1
vote
4answers
6k views

North and south of magnetic field

The current I is flowing upward in the wire in this figure. The direction of the magnetic filed due to the current can be determined by the right hand rule. Can we determine the north and the south ...
2
votes
1answer
774 views

The gauge-invariance of the probability current

It is simple to show that under the gauge transformation $$\begin{cases}\vec A\to\vec A+\nabla\chi\\ \phi\to\phi-\frac{\partial \chi}{\partial t}\\ \psi\to \psi ...
0
votes
1answer
140 views

Magnetic Field and the Speed of Light

Is it just a historical choice that both magnetic field and the Lorentz force equation include the speed of light? I figure that whoever wrote up the equations (in cgs!) could have put both factors ...
1
vote
1answer
366 views

Uncertainty-principle and the Maxwell formalism of electromagnetic waves

An electromagnetic wave (like a propagating photon) is known to carry it's electric and magnetic field-vectors perpendicular and each depending on the differential change of the other thus "creating" ...
3
votes
1answer
170 views

CGS Units for Magnetism

Why does the formula for magnetic field force include the speed of light in the denominator in cgs units? Where does the extra $c$ go in SI units?
3
votes
1answer
558 views

inductance value of a single turn thin circular coil

the question may seem simple but I haven't found any fitting formula yet. The problem is the following: consider a single-turn, circular coil made of reasonably thin wire (diameter of the wire much ...
-4
votes
3answers
1k views

There must be free positive charges, moving oppositely to electrons for the wire with current to stay neutral

All popular expositions (e.g. these ones) of relativistic electromagnetism claim univocally that electrons in motion become more dense due to the speed. They teach that Lorentz contraction of charges ...
2
votes
0answers
33 views

Small charged sphere's motion in earth's magnetosphere?

Suppose that a spherical metal sphere with mass $m=10^{-16}kgr$ radius $R=10μm$ charge $Q=10^{-9}C$ travels with $v=c/3$ and is trapped in the earth's magnetosphere at a distance around $r = 1000km$. ...
4
votes
2answers
179 views

Vector potential

I have difficulty understanding the following vector calculus example. Text can be found here. It is the 5th Q&A -- starting with equation (31.1035).It concerns finding the vector potential of a ...
2
votes
2answers
291 views

EM Fields in a Rotating Frame of Reference

I'm struggling on my approach to the problem of figuring out E and B fields in a non-relativistic way for a rotating frame of reference in the x-y plane around the z-axis. I am attempting to do this ...
4
votes
1answer
143 views

Non reciprocal light propagation

In search for some explanation in why magneto-optical materials (like the one used in the Faraday rotator and, consequently, in the "optical diode") act in such a "strange" way, I saw that this kind ...
0
votes
1answer
64 views

Phasor representation of voltage in frequency domain

In a text on application of electromagnetism in transmission line, there introduces a phasor for the voltage (in frequency domain) $$\tilde{V}(x) = V^+e^{-i\beta x} + V^-e^{i\beta x.}$$ Here $V^+$ ...
4
votes
2answers
645 views

Physical explanation for why total internal reflection occurs

I have been trying to understand total internal reflection (and have read several posts on this site already). Mathematically, I feel that I understand how the evanescent wave decays exponentially as ...
2
votes
1answer
4k views

Where is the amplitude of electromagnetic waves in the equation of energy of e/m waves? [duplicate]

Does the amplitude of the photon oscillations always stay constant and if it is not - what are the physical differences between the photon with higher amplitude in comparison to the one with the less ...
0
votes
0answers
1k views

Could Space Travel be achieved using a very strong magnetic field to warp space?

An Alcubierre Warp Drive could theoretically achieve faster than light space travel but requires exotic matter or negative energy to compress space in front of the spaceship and expand space behind ...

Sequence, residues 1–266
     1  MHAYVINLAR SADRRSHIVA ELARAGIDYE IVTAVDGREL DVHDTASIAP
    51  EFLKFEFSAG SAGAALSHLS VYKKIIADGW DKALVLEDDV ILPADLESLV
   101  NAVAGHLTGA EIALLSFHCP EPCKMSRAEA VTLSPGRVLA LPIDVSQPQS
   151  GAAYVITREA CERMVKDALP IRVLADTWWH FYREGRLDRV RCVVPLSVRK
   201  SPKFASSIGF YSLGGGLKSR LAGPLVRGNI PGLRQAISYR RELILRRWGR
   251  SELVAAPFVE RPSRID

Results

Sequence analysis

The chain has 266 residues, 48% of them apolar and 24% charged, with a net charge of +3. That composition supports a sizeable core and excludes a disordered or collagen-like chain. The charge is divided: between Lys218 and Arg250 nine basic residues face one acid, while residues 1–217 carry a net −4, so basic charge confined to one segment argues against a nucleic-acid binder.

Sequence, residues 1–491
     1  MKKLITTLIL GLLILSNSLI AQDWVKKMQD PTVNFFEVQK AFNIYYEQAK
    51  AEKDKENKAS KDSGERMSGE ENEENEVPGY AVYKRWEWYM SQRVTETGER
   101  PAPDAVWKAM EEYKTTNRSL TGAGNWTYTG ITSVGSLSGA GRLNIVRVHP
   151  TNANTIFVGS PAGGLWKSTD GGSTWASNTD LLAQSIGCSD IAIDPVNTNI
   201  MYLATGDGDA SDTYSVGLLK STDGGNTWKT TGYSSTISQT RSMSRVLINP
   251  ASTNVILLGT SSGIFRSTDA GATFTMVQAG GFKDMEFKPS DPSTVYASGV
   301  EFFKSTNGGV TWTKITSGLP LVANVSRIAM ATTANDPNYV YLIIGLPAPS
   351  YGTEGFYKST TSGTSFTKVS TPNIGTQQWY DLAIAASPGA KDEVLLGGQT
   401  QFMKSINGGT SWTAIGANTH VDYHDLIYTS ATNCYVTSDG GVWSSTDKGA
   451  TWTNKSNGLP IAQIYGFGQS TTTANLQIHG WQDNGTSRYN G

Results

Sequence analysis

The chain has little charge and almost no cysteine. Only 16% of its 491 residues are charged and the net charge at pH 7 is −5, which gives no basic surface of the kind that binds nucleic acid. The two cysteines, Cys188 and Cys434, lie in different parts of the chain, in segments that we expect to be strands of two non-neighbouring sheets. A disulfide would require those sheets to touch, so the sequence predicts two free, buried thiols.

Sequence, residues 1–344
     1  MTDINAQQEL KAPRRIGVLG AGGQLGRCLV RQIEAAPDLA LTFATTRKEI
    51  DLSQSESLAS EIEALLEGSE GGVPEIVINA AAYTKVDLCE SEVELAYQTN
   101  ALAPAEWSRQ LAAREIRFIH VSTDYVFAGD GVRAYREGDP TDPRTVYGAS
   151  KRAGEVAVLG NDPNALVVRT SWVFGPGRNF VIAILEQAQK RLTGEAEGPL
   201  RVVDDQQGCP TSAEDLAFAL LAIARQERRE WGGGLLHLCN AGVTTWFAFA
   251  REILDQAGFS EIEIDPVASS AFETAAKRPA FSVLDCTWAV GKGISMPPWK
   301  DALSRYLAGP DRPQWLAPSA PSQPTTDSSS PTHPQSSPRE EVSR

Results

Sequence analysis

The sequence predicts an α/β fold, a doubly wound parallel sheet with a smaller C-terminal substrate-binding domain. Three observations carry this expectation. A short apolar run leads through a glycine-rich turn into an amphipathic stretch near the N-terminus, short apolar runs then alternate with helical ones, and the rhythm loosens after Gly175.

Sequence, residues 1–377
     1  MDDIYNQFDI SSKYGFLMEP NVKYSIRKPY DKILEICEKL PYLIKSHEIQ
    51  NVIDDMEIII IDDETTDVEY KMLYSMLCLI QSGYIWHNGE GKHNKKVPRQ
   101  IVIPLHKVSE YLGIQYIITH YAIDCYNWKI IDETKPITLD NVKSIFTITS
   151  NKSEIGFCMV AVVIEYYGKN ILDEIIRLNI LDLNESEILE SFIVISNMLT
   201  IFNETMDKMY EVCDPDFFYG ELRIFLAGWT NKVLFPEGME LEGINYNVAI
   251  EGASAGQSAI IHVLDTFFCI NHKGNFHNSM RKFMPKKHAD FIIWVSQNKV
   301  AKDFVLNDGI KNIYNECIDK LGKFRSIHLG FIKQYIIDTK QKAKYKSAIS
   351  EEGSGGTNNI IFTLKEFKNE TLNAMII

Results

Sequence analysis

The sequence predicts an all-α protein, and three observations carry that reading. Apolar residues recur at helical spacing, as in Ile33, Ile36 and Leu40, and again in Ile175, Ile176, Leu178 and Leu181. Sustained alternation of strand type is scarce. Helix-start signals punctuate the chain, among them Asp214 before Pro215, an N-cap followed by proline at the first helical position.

2
votes
3answers
232 views

Microscopic picture of an inductor

I have a good understanding of how inductors behave in electrical circuits, and a somewhat rough-and-ready understanding of how this behaviour arises from Maxwell's equations. However, what I don't ...
0
votes
1answer
124 views

EM Waves Energy Loss

Where does the energy go when two photons interfere destructively at a point on a screen in Young's double slit experiment ?
2
votes
1answer
266 views

Induced Current, Dipole Falling Under Gravity Towards Circular Loop [closed]

Suppose a magnetic dipole $\mathbf{m} = m \hat{z}$ is falling towards a circular loop of radius $b$ under gravity. Assuming the dipole always stays along the $z$-axis of the loop, determine the ...
4
votes
5answers
1k views

Relativistic origin of magnetic field

There is an explanation in the Wikipedia. Unfortunately the article is quite verbose and doesn't clearly explain why both positive and negative charges vary density even if only one is moving. It is ...
1
vote
5answers
745 views

Relativistic charge density in a closed loop

When charges of conductance are at rest, there is an average distance between them. The relativistic origin of magnetic field says that distances between electrons shrink when they are set into a ...
3
votes
2answers
190 views

What materials focus EM radiation in the 2.4GHz range

If glass and similar materials refract visible light effectively, what materials would be best for focusing lower frequencies of EM radiation, if any? If not, what other methods exist for focusing ...
0
votes
1answer
749 views

Importance of Ampere's Law

Consider a hollow cylinder carrying a current $I$ and a wire outside the cylinder carrying a current $I'$. Let's say the cylinder is symmetrical with even current distribution etc.. so the ...
3
votes
1answer
143 views

Uniqueness and existence of polygonal orbits through a spherical shell

Say we have a spherical wire mesh raised to a negative voltage. Then let's say we release a proton from near the surface, and away from the surface, at some angle and speed. Also, imagine that the ...
4
votes
3answers
3k views

What does it mean for electric current to be a scalar?

After reading the reasons for considering electric current as a scalar quantity, I was confused at a point which read "The magnitude and direction of current does not depend upon the direction of the ...
7
votes
3answers
4k views

Faraday's law - does the induced current's magnetic field affect the change in flux?

I've had this conceptual problem with Faraday's law and inductance for a while now. Take the example of a simple current loop with increasing area in a constant field (as in this answer). So ...